Health PEI failing ordinary Islanders ... again
Back in the spring when Health Minister Doug Currie was performing his health care reform photo op roadshow he repeatedly was asked for specifics of the plan. Repeatedly the minister and the minions in Health PEI ducked and dodged questions as they ignored every single piece of advice and insight offered by ordinary Islanders.
One of the more consistent questions posed centred on ambulance fees. It is a fair question. Who will pay the $150 trip from one hospital to another?
This is not a case of rural crankiness at change. Government’s whole health reform scheme is built around the premise that it is cheaper to shuttle Islanders from Summerside and Charlottetown to rural hospitals for recuperation.
If ambulatory care is the core of the plan it is a no-brainer that Health PEI could answer specific questions. But if the minister and his ever expanding bureaucracy did know, they weren’t sharing it with the ordinary Islanders who showed up to meetings from O’Leary to Souris.
Who will pay for ambulatory care only became an issue for Health PEI after two Islanders refused to pay. In one instance a senior said he had arranged transportation with a family member and the ambulance was unnecessary. The ambulance took him anyway. The Ghiz government has sent that file to a collection agency. The second saw a patient transferred from Charlottetown to Souris to recuperate following a heart attack. It was these headlines that spurred Currie to launch a review that won’t be completed until September.
Interestingly, Health PEI claims there has been no change to government policy. If that is the case, why didn’t Currie and his bureaucrats outline precisely and clearly who will and will not be charged for ambulance transportation? Why wait until those with the gumption to fight government speak up? And why are Islanders sent to rural hospitals for recuperation being billed?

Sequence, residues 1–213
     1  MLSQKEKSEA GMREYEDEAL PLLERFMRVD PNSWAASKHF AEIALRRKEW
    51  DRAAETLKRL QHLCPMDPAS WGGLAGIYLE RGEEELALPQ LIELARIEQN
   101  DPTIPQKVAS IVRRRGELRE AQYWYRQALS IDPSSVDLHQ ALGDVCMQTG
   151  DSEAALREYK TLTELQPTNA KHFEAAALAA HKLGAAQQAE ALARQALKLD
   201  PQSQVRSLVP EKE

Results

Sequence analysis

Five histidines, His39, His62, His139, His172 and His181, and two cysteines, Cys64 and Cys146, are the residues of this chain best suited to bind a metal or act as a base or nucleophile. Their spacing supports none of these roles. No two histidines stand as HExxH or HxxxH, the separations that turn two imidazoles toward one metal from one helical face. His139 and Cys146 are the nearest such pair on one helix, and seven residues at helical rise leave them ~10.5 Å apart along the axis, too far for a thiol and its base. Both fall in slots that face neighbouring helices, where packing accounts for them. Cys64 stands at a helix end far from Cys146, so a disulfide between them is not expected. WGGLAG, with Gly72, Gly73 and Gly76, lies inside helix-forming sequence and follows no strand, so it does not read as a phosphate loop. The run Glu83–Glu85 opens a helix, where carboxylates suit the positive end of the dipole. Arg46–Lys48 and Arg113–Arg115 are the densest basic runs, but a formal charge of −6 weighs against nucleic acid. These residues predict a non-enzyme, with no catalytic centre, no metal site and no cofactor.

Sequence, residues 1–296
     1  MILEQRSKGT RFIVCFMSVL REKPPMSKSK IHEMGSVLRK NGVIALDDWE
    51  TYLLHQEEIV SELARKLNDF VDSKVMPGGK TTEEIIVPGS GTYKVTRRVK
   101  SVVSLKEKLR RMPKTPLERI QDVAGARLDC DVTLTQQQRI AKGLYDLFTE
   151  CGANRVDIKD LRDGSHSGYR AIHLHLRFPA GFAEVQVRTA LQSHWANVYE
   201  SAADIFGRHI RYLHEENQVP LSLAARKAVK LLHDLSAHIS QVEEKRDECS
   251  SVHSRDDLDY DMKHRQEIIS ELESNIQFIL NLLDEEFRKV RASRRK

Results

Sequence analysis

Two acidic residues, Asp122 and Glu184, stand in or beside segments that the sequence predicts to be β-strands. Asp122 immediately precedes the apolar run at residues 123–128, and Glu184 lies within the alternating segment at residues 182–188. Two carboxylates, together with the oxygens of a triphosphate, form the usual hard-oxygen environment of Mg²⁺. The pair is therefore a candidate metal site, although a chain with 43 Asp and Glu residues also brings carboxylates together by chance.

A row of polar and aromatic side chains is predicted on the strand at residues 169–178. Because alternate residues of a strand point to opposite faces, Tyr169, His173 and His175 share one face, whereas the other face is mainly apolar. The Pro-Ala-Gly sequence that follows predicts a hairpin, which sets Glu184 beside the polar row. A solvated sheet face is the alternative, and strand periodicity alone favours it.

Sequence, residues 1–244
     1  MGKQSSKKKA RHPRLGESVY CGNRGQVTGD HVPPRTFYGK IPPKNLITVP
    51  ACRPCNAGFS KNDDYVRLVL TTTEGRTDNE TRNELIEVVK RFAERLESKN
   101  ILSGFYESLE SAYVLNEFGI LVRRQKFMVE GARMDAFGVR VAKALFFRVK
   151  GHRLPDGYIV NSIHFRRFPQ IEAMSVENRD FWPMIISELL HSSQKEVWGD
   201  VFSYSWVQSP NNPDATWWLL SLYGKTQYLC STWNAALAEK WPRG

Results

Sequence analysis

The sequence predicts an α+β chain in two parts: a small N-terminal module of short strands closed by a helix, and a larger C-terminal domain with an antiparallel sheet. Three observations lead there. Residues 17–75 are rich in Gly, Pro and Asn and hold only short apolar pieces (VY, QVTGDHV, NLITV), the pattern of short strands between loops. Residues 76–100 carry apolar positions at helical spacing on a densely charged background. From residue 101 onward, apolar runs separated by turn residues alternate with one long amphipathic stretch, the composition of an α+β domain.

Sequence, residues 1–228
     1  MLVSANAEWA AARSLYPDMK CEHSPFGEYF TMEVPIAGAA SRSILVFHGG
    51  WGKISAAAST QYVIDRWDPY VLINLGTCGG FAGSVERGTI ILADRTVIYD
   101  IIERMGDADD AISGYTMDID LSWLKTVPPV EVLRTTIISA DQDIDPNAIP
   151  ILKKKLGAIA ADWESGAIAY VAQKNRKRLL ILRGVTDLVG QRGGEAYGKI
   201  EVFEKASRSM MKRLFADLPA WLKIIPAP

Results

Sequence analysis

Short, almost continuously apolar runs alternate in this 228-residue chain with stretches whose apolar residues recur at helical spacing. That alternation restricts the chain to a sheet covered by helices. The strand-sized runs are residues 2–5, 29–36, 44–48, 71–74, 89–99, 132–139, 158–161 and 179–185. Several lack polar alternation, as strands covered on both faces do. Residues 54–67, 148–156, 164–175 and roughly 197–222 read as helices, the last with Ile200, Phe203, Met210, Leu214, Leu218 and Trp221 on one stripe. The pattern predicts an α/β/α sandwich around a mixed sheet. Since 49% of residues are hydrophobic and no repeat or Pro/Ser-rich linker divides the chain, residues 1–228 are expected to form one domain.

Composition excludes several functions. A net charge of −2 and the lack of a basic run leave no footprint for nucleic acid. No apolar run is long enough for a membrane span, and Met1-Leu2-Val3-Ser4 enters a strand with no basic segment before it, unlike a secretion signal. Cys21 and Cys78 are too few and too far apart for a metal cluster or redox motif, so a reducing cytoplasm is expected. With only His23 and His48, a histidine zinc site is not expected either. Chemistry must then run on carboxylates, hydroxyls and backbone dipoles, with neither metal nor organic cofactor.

Either the Ghiz government is using ambulance fees as another way to pickpocket Islanders, like it has with hundreds of other fees, or its health care reform strategy is so poorly drafted that vital questions are unanswered before implementation.
Rather than cut patronage, the size of cabinet, executive assistants or a swollen bureaucracy government’s strategy to defeat the deficit is to foist as much of the deficit fight as possible on ordinary Islanders.
Ambulance fees are just one more example.
But there is more to the nickel and diming of health care than ambulance fees. Government is now suggesting Island doctors not be so quick to send patients for diagnostic testing. It claims that a large number of tests are unnecessary.
What the suggestion implies is that Health PEI does not trust Island physicians to do their job. It is an attempt to control how Island doctors work. This attempt at chilling physicians may lead to necessary tests going uncompleted.
An independent grassroots Island-wide organization produced a special publication recently that used government’s own statistics to show efficiencies can be found and rural health care service can be not only maintained but also enhanced.
While ordinary Islanders are talking about the content, the effort has thus far failed to alter government’s centralization strategy. There has been no attempt to reduce the size of the health care bureaucracy that is 3.5 times the national average. The government just keeps cutting front line services.
The Ghiz government does this at its own peril. Rural PEI is not just a punching bag. It is the driver of the economy. It is home to 55 per cent of the population. And its residents are frustrated with Charlottetown decision making that imposes ‘solutions’ without first determining how they will be implemented and, more importantly, their impact on rural communities.
Paul MacNeill is Publisher of Island Press Limited. He can be contacted at firstname.lastname@example.org